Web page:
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Thursday, 14 July 2016
Teachers ignored as governors vote to turn special school into an academy reports Islington Tribune
Teachers ignored as governors vote to turn special school into an academy
Published: 8 July, 2016
by JOE COOPER
TEACHERS were left feeling ignored last night (Thursday) as governors voted in favour of converting an “outstanding” special needs school into an academy against their wishes.
The governing body at The Bridge London, which has two sites in Holloway, voted to break away from council control after a heated meeting and overwhelming opposition from its teaching staff.
Paul Atkin, from Islington National Union of Teachers (NUT), said it was a “sad day” for Islington schools.
A source told the Tribune he had had reports of 15 members of staff handing in their notice in the wake of the vote, although this had not been confirmed last night.
In a secret ballot in May, 119 teachers and teaching assistants voted against the plan, with just one in favour. But the final say was held by governors who held a vote on Wednesday.
As a borough, Islington has largely managed to avoid the sweeping national trend for converting from traditional council control to academy status.
The Bridge has tried once before to make the change, but at that time governors voted against the plan after a campaign by teachers and parents.
The Tribune understands Wednesday’s vote was split, with at least two of the 14-strong governing body voting against.
The Bridge London, whose headteacher is Penny Barratt, runs an Islington council-maintained primary school on the same site as Hungerford Primary School, and a secondary school on the same site as Holloway School. Both are rated “outstanding” by Ofsted.
The vote has raised fears that The Bridge’s close working relationship with those schools will be jeopardised.
Mr Atkin told the Tribune: “The Bridge was built by Islington on shared sites with Hungerford and Holloway schools so that special and mainstream schools could work closely together. The overlap of sites is now an administrative nightmare to unravel as The Bridge becomes unaccountable to the local community and subject to company law.
“Two academy trusts a month are being reported to the Department for Education for financial irregularities. If The Bridge becomes one of them the consequence is forced incorporation into a larger Academy Trust. This would be the end for the school’s distinctive ethos. Staff are concerned that this is a risky venture.”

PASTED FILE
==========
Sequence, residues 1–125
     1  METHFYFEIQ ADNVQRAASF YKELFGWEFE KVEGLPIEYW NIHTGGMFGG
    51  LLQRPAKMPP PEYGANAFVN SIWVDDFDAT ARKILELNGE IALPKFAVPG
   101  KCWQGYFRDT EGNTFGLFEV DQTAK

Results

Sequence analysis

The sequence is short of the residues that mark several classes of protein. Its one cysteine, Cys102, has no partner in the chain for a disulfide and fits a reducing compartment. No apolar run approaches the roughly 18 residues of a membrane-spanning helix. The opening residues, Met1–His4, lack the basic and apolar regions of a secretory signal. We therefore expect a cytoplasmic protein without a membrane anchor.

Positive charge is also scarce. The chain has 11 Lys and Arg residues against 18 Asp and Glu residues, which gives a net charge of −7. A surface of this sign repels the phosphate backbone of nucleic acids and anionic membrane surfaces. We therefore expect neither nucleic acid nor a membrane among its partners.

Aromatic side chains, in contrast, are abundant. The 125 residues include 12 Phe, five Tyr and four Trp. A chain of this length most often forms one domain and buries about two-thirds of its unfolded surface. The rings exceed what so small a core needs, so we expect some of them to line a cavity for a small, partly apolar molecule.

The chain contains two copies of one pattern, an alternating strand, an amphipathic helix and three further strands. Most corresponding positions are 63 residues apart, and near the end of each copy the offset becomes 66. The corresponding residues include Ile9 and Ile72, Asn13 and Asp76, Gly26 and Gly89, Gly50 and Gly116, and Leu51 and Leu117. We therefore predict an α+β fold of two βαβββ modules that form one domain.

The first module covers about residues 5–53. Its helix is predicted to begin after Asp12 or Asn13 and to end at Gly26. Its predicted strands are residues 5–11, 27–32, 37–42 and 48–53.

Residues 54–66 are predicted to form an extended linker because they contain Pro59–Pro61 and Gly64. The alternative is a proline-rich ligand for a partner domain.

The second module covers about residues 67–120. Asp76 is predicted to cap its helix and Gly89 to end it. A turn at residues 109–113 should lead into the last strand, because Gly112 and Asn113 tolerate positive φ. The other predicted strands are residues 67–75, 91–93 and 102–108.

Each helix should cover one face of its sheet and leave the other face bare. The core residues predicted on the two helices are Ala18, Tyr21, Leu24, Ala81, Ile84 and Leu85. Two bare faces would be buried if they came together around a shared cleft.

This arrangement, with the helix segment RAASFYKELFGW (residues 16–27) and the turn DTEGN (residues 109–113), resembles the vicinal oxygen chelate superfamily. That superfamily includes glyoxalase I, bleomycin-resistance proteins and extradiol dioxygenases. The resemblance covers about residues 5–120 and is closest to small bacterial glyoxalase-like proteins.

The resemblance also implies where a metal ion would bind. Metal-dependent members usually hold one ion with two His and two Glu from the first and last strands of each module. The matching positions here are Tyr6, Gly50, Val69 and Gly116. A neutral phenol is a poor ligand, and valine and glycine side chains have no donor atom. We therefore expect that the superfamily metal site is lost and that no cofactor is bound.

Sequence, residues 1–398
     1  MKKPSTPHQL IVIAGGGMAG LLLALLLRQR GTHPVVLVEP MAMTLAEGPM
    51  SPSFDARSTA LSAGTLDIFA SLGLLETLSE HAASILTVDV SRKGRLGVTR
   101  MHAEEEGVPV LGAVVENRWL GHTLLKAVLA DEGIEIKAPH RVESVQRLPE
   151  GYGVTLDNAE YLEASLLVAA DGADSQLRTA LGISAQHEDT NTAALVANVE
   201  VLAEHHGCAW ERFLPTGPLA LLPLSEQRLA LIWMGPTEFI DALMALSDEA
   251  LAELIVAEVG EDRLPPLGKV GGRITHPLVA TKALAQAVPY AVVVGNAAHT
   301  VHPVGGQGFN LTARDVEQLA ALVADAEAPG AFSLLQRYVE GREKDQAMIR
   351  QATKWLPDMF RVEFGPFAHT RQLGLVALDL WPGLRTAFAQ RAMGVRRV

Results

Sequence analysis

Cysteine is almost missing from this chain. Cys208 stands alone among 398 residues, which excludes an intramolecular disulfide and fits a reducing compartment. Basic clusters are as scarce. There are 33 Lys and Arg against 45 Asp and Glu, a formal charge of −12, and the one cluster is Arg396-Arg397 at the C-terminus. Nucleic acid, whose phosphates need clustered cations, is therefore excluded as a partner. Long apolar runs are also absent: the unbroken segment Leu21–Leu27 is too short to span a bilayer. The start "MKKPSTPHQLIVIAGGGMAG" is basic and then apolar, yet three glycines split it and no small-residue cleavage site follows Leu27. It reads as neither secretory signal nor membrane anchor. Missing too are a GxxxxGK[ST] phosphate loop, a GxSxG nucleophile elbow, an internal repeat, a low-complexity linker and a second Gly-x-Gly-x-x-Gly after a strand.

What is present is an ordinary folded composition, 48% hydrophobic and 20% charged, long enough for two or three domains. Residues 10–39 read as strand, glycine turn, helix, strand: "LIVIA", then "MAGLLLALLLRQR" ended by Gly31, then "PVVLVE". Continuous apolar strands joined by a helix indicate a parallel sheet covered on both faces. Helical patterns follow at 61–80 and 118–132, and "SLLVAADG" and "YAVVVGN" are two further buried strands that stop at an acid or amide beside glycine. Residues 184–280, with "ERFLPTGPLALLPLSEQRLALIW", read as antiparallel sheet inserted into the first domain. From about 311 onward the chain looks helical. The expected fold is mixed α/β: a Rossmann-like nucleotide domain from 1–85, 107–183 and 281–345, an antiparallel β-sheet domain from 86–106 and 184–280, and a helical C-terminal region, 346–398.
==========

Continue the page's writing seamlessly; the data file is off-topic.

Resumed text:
Barry Edwards, a governor at Hungerford, said the two schools shared a playground and kitchen. “There could be considerable problems,” he said, adding that “lots of money” could end up in the hands of lawyers as The Bridge seeks autonomy. “That has nothing to do with kids getting a better education,” he said.
The Bridge has said it wants all its facilities to become part of a new, autonomous trust free from Town Hall control to allow “opportunities for cost savings on non-teaching and learning issues” and “greater investment in teaching and learning”.
In a consultation document, the school said: “There is a pressing need for an increased number of special school places for pupils with autism.”
Town Hall education chief Joe Caluori said: “I’m really disappointed that the governors have taken this decision, especially as staff were overwhelmingly against it. I haven’t seen any evidence of enthusiasm for it from the parents. I feel for a decision this big it would have been much better for parents to have been more involved than they have been in the process. However, we still see The Bridge as an important part of our community of schools in Islington and we know the headteacher sees it that way as well.”
The governing body had yet to make a statement last night, but Ms Barratt said earlier this year: “We are looking at what structure would best allow us to meet the needs of our pupils. Governors will take all views into account when they take their decision.”
Rosemary Plummer (Islington UNISON Schools Convenor second from left) and Support Staff lobby Board of Governors at The Bridge School